16 DELAWARE COUNTY (PA.) DAILY TIMES   Thursday, April 12, 1973

'We try to lead a pure and simple life'

Daily Times Correspondent

CONCORDVILLE - "Jai Satchitanand" is the greeting and parting to every visitor to the Premie House of the Guru Maharaj Ji, on Concord Road.

Jai Satchitanand is "Truth is the conciousness of bliss," say the five occupants of the house, the theme which runs through every "Satsang". sessions devoted to the "company of truth."

Living a communal life are Patty Brennan, her brother, Mike, and three other young men, Don Gauthier, John Scott and Emile D'Amico.

"We hesitate to even agree it's a communal life," Patty said, "because immediately everyone thinks 'hippies' and we are not that."

The immaculately clean house and quiet atmosphere of reverence testify to Patty's remarks. Visitors are requested, in oriental fashion, to remove their shoes as they enter through a lower door. Why? It keeps the house clean, of course.

The Guru or "Perfect Master" to whom these five say they have devoted their lives, is the 15-year-old East Indian youth who began a "World Peace Tour" in late 1970.

The "Master" has visited this country twice and claims nearly 50,000 Western disciples and 6,000,000 world-wide.

Guru means "teacher" and "Maharaj Ji", according to the occupants of the House, means "King of Kings," a name also applied to Christ, they remind us. All the earnings of the five, four of whom have full-time jobs, goes into a common fupd to maintain the house, which is sparsely but attractively furnished.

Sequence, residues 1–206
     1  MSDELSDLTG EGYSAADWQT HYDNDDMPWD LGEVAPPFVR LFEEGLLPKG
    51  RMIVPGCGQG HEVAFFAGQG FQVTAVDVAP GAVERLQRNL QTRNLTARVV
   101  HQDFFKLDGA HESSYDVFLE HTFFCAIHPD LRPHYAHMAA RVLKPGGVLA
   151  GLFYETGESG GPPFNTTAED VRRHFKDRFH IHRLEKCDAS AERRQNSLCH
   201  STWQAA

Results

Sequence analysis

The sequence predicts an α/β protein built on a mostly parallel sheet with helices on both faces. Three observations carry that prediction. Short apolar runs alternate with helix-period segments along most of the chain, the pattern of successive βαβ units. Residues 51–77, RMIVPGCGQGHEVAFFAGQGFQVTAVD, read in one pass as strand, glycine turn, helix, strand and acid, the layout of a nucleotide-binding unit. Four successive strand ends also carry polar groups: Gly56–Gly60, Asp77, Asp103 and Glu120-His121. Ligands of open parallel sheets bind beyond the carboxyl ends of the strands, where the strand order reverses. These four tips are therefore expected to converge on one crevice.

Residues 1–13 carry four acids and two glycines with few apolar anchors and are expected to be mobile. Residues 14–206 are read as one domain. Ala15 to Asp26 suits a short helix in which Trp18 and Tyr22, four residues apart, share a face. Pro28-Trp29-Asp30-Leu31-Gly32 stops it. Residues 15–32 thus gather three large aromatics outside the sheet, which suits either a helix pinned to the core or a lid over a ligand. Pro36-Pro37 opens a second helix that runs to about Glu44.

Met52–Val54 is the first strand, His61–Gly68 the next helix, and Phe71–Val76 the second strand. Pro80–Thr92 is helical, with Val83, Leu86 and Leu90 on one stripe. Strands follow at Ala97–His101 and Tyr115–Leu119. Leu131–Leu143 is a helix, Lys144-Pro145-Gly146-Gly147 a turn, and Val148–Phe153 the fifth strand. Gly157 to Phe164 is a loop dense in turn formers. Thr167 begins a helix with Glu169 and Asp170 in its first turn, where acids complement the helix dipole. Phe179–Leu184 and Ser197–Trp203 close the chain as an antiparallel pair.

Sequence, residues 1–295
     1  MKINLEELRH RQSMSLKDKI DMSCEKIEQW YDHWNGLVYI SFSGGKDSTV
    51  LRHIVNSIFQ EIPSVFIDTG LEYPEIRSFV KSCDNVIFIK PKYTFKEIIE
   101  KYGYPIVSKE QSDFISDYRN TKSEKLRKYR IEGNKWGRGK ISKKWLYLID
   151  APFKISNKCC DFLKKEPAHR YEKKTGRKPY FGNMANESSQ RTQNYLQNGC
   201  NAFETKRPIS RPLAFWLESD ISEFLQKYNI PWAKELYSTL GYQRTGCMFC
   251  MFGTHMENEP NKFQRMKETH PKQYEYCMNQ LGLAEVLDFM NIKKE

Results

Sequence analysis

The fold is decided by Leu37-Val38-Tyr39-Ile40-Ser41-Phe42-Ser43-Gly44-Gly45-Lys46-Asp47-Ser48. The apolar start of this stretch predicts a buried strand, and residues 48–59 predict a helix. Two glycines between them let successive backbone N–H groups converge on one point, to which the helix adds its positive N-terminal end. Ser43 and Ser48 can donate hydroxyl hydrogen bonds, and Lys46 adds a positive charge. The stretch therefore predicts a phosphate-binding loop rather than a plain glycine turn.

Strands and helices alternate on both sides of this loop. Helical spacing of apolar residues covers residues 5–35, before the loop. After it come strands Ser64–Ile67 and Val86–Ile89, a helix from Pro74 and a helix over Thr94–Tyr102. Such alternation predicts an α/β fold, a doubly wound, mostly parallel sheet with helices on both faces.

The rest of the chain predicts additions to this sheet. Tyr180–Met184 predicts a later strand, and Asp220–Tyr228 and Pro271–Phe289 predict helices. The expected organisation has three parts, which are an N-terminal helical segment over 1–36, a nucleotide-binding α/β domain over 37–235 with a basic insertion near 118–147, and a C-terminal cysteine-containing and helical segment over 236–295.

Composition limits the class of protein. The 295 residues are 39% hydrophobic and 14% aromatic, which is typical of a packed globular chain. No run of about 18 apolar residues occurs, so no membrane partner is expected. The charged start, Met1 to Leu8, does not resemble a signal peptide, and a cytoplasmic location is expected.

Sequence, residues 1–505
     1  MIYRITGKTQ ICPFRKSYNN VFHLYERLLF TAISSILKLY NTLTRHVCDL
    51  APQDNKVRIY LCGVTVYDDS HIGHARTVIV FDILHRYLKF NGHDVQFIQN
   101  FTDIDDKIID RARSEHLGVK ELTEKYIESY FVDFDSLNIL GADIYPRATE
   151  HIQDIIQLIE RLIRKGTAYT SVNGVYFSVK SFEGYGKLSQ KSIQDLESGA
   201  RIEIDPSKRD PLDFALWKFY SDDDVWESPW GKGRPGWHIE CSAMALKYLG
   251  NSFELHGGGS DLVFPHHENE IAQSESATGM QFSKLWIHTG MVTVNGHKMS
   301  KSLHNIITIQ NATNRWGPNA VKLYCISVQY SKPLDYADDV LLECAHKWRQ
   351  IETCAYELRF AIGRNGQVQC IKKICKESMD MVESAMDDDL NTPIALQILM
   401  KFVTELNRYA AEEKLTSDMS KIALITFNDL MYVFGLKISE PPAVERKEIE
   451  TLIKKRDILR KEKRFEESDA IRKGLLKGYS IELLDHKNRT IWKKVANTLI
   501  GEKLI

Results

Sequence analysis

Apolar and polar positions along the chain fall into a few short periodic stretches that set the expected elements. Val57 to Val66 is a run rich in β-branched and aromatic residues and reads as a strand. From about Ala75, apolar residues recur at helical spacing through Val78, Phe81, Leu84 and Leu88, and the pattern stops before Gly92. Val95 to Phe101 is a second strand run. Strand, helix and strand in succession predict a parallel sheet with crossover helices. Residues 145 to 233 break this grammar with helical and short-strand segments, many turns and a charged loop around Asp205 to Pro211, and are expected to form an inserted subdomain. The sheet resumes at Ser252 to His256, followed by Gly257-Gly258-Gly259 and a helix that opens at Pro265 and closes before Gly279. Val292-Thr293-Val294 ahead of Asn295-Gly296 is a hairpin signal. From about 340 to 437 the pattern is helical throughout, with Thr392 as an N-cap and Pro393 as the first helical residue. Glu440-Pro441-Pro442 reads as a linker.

Emile attends Delaware County Community College and works part-time.

After a Guru follower has attended Satsang for as few as three of four or as many as he desires, he may see the Light" and may later gain "knowledge" through a "Mahatma," one of the Guru's five or six apostles in the country.

Literally translated, Mahatma means "Great Soul" and is considered by devotees to be their personal vehicle to the guru. "The Guru Maharaj Ji comes straight through him, he is one of the 5,000 apostles all over the world, the same as Jesus Christ had his own apostles," Emile explained.

The movement is called the "Divine Light Mission" under which they sponsor Divine Health Care Services, secondhand stores, a World Peace Corps for social responsibililies and a host of other interests.

There is also a new "Shri Hans Education Center" in Denver, Colo., where a staff is preparing curriculum for the first school and a "Shri Hans Productions" which produces films, a monthly magazine and records. A new "Divine City" is planned for this country, its location not yet named.

"This is a way of life for us", Don explained. "The only real thing is your soul. We are all regulated by these things we are in now, our finite bodies. When our bodies are no longer there, time doesn't matter anyhow.